There’s much excitement about cryptocurrency. It’s become an undeniably evident way for successfully raising capital for the coin in question. And love it or hate it, that in itself holds weight in today’s culture.
Its emergence in the last decade, though many active investors are skeptical (and for good reason), is nonetheless, truly fascinating. Many coins have yet to implement real-world functions aside from the value of the coin itself once you convert the common currency to crypto. I’d like to see things take off, but I speculate that we are still a little ways from seeing Bitcoin, Ether, and other blockchain values fully integrated into our everyday economy. With today’s social climate, you never know what could happen.
Allow me to introduce you to PotCoin, a blockchain payment technology specialized for the cannabis industry. The idea is to create an ecosystem of solutions to empower the cannabis industry by creating a centralized currency, specifically for the cannabis industry.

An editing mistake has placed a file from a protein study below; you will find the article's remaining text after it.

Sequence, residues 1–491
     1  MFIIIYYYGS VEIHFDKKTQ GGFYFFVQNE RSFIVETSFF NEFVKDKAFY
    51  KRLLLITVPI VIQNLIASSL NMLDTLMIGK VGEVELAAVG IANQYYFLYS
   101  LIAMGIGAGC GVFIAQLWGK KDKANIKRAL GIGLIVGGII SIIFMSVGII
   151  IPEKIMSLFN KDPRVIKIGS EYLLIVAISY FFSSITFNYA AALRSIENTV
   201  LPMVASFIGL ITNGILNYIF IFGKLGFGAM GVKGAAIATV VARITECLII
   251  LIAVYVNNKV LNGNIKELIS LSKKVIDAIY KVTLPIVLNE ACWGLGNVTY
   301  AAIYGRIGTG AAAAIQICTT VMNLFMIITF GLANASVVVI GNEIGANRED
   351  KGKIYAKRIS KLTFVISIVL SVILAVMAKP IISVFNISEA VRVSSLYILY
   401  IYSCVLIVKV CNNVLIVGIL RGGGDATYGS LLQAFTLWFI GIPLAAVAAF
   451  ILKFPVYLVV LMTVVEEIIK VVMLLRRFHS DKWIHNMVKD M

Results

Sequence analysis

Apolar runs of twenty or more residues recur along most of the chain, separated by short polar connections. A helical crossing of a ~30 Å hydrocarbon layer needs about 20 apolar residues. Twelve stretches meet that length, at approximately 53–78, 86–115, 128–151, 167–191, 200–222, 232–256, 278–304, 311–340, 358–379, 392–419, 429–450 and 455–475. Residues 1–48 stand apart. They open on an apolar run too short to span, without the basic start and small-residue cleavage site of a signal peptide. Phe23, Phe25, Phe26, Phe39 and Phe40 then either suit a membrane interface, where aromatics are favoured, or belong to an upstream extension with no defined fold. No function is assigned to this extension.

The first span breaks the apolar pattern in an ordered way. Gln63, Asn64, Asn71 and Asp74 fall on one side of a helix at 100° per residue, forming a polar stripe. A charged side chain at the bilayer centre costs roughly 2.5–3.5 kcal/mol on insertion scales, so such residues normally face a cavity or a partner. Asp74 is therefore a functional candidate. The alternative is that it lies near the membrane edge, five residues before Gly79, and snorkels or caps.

PotCoin’s website isn’t displaying any of its partnerships at the moment so it’s hard to say how many cannabis companies are willing to adopt this new system—or how it may actually function with today’s business.
But here’s what we do know. It’s open to everyone; lets you be your own bank; offers a peer-to-peer network and decentralization; it claims to offer military-grade security; and it’s a divisible and flexible amount up to eight decimal places, so you don’t need to own a whole PotCoin to spend a whole pot coin.
It ticks a lot of boxes, but we won’t know for sure whether or not it could be a real thing until we can walk into a licensed store and purchase pot with a PotCoin. Again, plenty of unknowns, but if it does amass to that, then PotCoin could potentially be one of the greatest highdeas ever.
Interested in reading more about stocks? Check out our article on ‘5 of the Most Profitable Pot Stocks to Buy for 2021′